PRESIDENT Ferdinand Marcos Jr. revealed his administration will adopt a science-based approach to rice farming to increase yield and establish “a sustainable rice value chain.”
In his speech delivered by Agriculture Secretary Francisco Tiu Laurel, Jr. during the Ugnay Palay: The 35th National Rice R4D Conference in Nueva Ecija, Marcos assured the government shall continue to give primacy to research and development to ensure a sustainable rice value chain.
“I am optimistic that all concerned government agencies, partners and stakeholders will continue to explore ways to enhance existing agricultural technologies to improve and strengthen the rice industry, in line with our goal of a food-secure nation,” he said.
Marcos further explained that the push for agricultural modernization will also focus on equally important sectors like livestock, poultry, fisheries and high value crops to ensure that affordable food items are readily available and accessible to Filipino consumers.
He also assured law enforcement agencies are ready to go after smugglers, hoarders and price manipulators of farm products to protect both consumers and farmers.
Laurel, meanwhile, told Ugnay Palay participants the government “is moving, with a sense of urgency” to widen irrigation coverage, set up more drying facilities and other infrastructures needed to boost rice yield.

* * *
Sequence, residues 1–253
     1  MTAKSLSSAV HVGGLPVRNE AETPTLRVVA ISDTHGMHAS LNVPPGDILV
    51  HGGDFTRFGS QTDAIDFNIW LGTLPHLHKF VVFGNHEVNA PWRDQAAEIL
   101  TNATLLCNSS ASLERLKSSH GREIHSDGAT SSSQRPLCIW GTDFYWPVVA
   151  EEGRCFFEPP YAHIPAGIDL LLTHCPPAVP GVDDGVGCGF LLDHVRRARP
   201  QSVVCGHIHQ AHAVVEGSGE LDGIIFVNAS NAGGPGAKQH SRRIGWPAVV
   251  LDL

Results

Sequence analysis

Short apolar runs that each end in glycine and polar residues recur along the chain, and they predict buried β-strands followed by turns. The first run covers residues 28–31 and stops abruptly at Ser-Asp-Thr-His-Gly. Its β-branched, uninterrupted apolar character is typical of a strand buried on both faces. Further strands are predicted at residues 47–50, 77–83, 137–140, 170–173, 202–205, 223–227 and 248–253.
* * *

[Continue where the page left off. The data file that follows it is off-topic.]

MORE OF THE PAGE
“Ultimately, our aim is to minimize rice importation to achieve food security and sufficiency,” he said.
With improved rice harvest so far this year, the country has imported around 2.8 million tons, one million tons less than the volume of grains bought from abroad last year.
Minimizing imports of rice and other agricultural products, Laurel said, should also help improve the income of farmers and fisherfolk, create more jobs in a sector that already provides employment to one in every four Filipinos and reverse the shrinking trend of agriculture’s contribution to economic growth.
Many of the 10 million farmers and fisherfolk are considered poor. Around 2.4 million are involved in rice farming and many of them are already approaching their senior years.
“We hope to attract a new generation of farmers, researchers and innovators who will ensure the country’s food security in the years to come,” said Laurel.